It is now widely accepted that inflammation and cancer are closely related [7-10]. As the lungs are constantly exposed to environmental insults, which may lead to chronic inflammatory injuries and infection, the link between inflammation and cancer is especially strong in LC patients [11]. Currently, LC is the leading cause of cancer-associated deaths globally with a 5-year survival rate averaging only about 15% [11]. CS is also the major cause for LC. Despite ongoing efforts for the reduction of smoking prevalence, cigarette smoking still causes ~90% of lung cancers [12] and ~15% of lifetime smokers develop the disease [13]. Cigarette smoke (CS) contains more than 8000 components including oxidants such as superoxide and nitrogen oxides and toxins that may cause inflammation, and 73 of which are carcinogens [14]. Long-term exposure of CS to the lung can result in chronic inflammation that generates an inflammatory microenvironment for lung tumor initiation and progression [11].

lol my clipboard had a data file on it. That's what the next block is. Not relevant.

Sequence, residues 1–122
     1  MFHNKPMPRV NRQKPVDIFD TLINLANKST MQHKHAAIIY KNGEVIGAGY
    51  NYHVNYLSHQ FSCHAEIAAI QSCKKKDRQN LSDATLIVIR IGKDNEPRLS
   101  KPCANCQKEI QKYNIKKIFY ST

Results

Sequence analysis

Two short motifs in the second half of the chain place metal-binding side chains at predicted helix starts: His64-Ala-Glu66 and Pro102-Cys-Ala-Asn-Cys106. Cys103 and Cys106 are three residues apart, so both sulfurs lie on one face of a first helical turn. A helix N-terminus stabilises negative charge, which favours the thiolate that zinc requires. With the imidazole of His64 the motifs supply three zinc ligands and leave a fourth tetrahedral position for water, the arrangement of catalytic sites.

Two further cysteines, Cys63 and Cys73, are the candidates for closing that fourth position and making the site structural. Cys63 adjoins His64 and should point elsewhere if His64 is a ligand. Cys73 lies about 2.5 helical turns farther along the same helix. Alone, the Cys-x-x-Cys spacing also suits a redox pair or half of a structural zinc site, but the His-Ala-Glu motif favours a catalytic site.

Since COPD and LC have the same etiological agent, CS, the link between these two diseases has attracted tremendous attention in recent years [15]. Numerous studies have found an increased risk for LC in patients with COPD [12]. LC is about five times more frequently to occur in COPD patients than those without COPD [13]. A most important link between COPD and LC is chronic inflammation [11,12]. While COPD is a chronic inflammatory disease, dysregulated inflammation in COPD is critical for increasing risk of LC [11]. However, an issue is raised regarding the profiles of immune cells in COPD and LC patients. As COPD and LC are diametrically opposed in nature, their immune cell profiles would be very different [2,12]. In COPD, the immune cells such as CD8+ T cells are cytotoxic (often pro-inflammatory) predominantly, while the immune cells, e.g., myeloid-derived suppressive cells (MDSCs), in LC are often anti-cytotoxic and immunosuppressive [2,12]. How this apparently contradictory cell profile is achieved in an LC patient with COPD is not fully understood. Although CS exposure experiments in rodent can reliably reproduce emphysema [16], they cannot produce lung cancer because rodents have different anatomy of the upper respiratory tract so that they are obligate nose-only breathers [14]. Despite significant advances in using A/J mice to develop adenomas upon CS exposure, it is still very difficult to study both diseases in experiments [12], in particular, to measure the temporal sequence of inflammation in these diseases in an animal model or a human subject as COPD and LC both are complex and progressive chronic disorders. Here, computer modelling can be of great help to study the dynamic properties of COPD and LC upon CS exposure and the mechanistic links between these two diseases.